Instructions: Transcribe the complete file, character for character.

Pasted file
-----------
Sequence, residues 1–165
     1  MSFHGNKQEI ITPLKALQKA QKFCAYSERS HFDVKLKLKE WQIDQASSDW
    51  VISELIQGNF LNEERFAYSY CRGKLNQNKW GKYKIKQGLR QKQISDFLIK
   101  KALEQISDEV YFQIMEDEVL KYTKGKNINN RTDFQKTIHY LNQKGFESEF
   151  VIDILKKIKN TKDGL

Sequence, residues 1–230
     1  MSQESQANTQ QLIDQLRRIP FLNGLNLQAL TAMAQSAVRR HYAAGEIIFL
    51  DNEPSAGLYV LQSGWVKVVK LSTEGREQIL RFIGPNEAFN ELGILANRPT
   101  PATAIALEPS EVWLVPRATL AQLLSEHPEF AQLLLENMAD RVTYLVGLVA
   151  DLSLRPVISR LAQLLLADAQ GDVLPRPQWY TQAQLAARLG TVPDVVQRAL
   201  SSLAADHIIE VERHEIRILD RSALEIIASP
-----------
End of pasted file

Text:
Sequence, residues 1–165
     1  MSFHGNKQEI ITPLKALQKA QKFCAYSERS HFDVKLKLKE WQIDQASSDW
    51  VISELIQGNF LNEERFAYSY CRGKLNQNKW GKYKIKQGLR QKQISDFLIK
   101  KALEQISDEV YFQIMEDEVL KYTKGKNINN RTDFQKTIHY LNQKGFESEF
   151  VIDILKKIKN TKDGL

Sequence, residues 1–230
     1  MSQESQANTQ QLIDQLRRIP FLNGLNLQAL TAMAQSAVRR HYAAGEIIFL
    51  DNEPSAGLYV LQSGWVKVVK LSTEGREQIL RFIGPNEAFN ELGILANRPT
   101  PATAIALEPS EVWLVPRATL AQLLSEHPEF AQLLLENMAD RVTYLVGLVA
   151  DLSLRPVISR LAQLLLADAQ GDVLPRPQWY TQAQLAARLG TVPDVVQRAL
   201  SSLAADHIIE VERHEIRILD RSALEIIASP